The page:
Image: Southern Solar.

West Sussex County Council is to invest up to £3 million in the roll-out of solar across schools in the region in a scheme intended to create new revenue for the council and save the schools millions.

Following a successful pilot in 2015, the local authority’s Environmental & Community Services Select Committee approved an expanded programme to install solar PV systems in up to 52 additional schools in 2017/18.

The original plans put forward by the ECSSC suggested between 38 to 48 schools however a council spokesperson revealed to Solar Power Portal this morning this could now increase, although they were unable to confirm an exact number.

The scheme, with a potential total capacity of up to 2MW, will see the council fund the installations to be completed by March 2018. The rolling programme will target batches of schools in different areas throughout the county, with delivery partner Carillion already selected to manage the project using “local, experienced PV installation companies”.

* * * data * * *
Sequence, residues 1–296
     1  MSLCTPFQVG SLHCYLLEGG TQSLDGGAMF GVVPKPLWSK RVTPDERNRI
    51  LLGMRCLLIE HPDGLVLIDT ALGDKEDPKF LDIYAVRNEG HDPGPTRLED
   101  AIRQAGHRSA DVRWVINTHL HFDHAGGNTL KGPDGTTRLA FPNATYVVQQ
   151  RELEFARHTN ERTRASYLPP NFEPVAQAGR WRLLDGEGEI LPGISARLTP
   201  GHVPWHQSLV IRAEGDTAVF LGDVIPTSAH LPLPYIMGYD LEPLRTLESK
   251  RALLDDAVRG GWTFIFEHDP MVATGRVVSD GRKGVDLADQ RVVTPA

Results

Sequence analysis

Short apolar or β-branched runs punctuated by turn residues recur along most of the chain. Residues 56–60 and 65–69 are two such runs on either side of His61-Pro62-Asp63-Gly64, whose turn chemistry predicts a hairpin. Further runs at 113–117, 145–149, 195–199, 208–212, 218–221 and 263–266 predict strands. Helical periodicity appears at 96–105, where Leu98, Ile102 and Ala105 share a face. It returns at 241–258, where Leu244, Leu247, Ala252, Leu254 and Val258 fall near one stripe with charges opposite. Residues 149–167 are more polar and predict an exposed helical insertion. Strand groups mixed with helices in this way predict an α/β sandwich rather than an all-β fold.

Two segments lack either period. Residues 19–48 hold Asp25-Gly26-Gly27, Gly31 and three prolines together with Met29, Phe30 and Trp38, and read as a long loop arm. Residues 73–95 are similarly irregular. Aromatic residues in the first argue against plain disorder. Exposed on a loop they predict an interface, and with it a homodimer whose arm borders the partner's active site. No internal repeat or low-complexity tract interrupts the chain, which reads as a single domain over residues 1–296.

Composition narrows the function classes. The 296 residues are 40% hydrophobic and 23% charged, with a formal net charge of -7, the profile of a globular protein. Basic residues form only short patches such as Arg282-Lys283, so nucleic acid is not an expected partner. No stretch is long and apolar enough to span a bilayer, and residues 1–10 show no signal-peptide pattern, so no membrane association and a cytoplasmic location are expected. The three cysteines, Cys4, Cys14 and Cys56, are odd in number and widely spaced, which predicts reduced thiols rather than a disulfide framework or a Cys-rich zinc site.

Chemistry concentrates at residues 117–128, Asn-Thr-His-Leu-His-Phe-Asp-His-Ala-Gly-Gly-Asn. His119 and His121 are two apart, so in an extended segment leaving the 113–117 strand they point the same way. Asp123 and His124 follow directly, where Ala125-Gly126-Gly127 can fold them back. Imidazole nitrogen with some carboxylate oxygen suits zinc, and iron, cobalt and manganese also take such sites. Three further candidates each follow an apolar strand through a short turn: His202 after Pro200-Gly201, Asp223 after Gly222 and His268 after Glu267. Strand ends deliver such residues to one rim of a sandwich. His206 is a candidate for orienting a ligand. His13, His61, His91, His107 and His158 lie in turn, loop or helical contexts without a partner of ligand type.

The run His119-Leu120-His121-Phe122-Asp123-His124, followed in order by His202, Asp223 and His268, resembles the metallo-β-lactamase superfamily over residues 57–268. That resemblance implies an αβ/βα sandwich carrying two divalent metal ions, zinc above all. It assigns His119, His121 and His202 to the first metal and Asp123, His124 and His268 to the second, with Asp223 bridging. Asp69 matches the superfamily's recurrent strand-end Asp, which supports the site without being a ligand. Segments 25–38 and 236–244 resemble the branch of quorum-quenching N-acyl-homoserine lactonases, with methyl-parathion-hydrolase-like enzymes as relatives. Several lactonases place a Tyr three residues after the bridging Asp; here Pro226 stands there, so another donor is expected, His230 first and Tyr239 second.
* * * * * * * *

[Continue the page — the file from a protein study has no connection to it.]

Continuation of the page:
The council’s investment will be paid back by feed-in tariff payments, the sale of electricity to schools, and export of surplus generation to the local electricity network.

Following a payback of less than 14 years, the ECSSC expects the council to benefit to the tune of £1.7 million over the 25 year life of the agreement, in spite of cuts to FiT payments enacted in January 2016.

The council believes that despite reduced financial returns, “there is still an opportunity to cost effectively install solar PV systems for electricity production in schools and similar sites.”

In addition to the new revenue for the council, the power generated by the new solar is expected to be up to a 30% cheaper than grid power. Each school will therefore save an average £1,920 per year, adding up to a total of £2.2 million over the scheme.

As well as the financial savings, the installations will serve an educational purpose in communicating to the pupils the benefits of sustainability through a working example of renewable technology in their own school.